It’s the middle of the day. My cell phone rings. The caller ID shows the name of my son’s school. I sigh knowing full well that as soon as I answer, my day will be ruined. Teachers don’t call midday to tell you that your child is having a great day and they are sure your child is a genius. Schools call with bad news like some other kid stuck his foot in your kid’s lunch. Or worse yet, your kid is sick and you have to come get him even though he was fine 27 minutes ago when you dropped him off. I brace myself and answer the phone.
“Everything’s fine,” my son’s teacher says. “But he’s complaining about a stomachache. It’s been a while. He says he needs to come home.”
I try to cover up my disappointment. Today was going to be my uninterrupted workday. Today was the day to get things done.
His teacher senses the wind has been taken out of my sails and says, “Sorry, I know the feeling.”
I don’t want her to think I’m mad that my kid is sick. It’s just that I know that if he has a stomachache now, in about 30 minutes he’ll have passed whatever it is that’s ailing him and then he’ll be bouncing off the walls.
But there’s nothing she or I can do, so I say, “No problem. I’ll come get him.”
“Bye,” she says.
“Bye,” I say. Then as I hang up I accidentally say, “Love you.”
There’s dead silence on the other end of the phone.
I start to sweat. My mind fast-forwards to lunchtime when I will undoubtedly be the laughing stock of the teacher’s lunchroom.
I picture my son’s high school graduation, when I’ll probably still be known as the parent who said, “I love you,” to a teacher.
I open my mouth to say, “I didn’t mean that. I’m distracted. I wasn’t paying attention. I’m so used to saying ‘I love you’ to my husband as I hang up that I just said it to you.”
But I don’t.
My son’s teacher is not the first person to whom I’ve accidentally professed my love.
Over the seven years I’ve been a parent, I’ve accidentally told four different parents at my son’s preschool that I love them. One of the four was a man.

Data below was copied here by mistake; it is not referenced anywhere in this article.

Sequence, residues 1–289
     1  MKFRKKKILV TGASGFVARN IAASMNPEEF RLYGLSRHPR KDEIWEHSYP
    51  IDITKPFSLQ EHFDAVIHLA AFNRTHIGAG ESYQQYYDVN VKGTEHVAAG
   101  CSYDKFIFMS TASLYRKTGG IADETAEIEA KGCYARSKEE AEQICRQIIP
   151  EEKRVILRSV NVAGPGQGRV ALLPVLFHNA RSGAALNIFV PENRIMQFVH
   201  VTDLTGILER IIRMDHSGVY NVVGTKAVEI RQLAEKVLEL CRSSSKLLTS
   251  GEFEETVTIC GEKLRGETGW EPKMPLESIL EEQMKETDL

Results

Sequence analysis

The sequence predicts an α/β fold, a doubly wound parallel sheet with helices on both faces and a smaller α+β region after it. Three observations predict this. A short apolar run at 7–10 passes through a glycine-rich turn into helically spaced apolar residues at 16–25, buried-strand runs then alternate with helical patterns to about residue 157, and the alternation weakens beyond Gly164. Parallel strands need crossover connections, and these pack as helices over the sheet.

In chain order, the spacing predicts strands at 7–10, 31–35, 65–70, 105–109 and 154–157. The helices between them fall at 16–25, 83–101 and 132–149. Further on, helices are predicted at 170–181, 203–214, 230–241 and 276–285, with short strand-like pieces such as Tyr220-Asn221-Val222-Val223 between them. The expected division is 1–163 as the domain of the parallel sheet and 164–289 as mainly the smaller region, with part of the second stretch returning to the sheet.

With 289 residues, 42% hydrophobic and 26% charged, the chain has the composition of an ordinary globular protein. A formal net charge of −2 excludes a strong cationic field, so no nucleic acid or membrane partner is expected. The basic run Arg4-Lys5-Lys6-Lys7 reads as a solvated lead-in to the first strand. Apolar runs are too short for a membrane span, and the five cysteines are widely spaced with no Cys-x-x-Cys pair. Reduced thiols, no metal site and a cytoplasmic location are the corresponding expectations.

There’s a UPS man who thinks I love him. I also over-enthusiastically hugged him after he dropped off my packages. That was awkward, especially because we’re not on his normal route. We didn’t even have the potential of history to bridge the gap between me being thought of as a desperate housewife rather than a lady who is so used to telling her family she loves them that she instead told the UPS man she loved him.
I’ve accidentally said I love you to the dry cleaner who sometimes drops our clothing off at my house on his way home to his. I’ve even changed hair salons at least twice to avoid the humiliation of facing the receptionist, hair washer or stylist to whom I mistakenly proclaimed my love.
Each and every time I do profess my love to someone I don’t love, I’m left feeling like an embarrassed criminal—as if there’s nothing worse that could happen to someone than being an object of my love.
The words “I love you” have never come easily to me. I’ve proclaimed my love for just a handful of people in my life, my husband and children being three of them. Prior to dating my husband, I told only one other boyfriend I loved him. When I said, “I love you,” he responded by saying, “Cool,” before returning to his full-time job of looking at himself in the mirror. The humiliation alone caused me to impose a self-proclaimed embargo on speaking about love. The rejection was just too much and served as a constant reminder of what I had always suspected, that my love was cool but never something that would be returned.
Then I met my husband, and I finally had someone to return my mistaken “I love you’s. It turns out I was starved for someone to say, “I love you” back to me. Despite a rocky start, our “I love you’s have never been spoken by mistake. Love, as it turns out, is the first thing I’ve been really good at. After a lifetime of failed starts, giving love turned out to be my thing. It’s one of the few things I can safely say I’m good at.
For most of my life, I’ve felt like a failed something. I was never the lucky one nor did things ever come easily to me. But as it turns out, giving love comes easily to me. I’m good at loving my people. I don’t know if I’m a good mom or bad nor can I honestly say if I’m a great wife or not, but I love the daylights out of my family, and I tell them all the time.
I tell them so much that sometimes I forget who I’m talking to, and then I tell someone I don’t love that I do love them.
So despite the UPS man asking for a new route and me having to find a new hairstylist more than once, I’m going to walk with my head held high. You can do worse than being loved too much. Just ask my UPS man.
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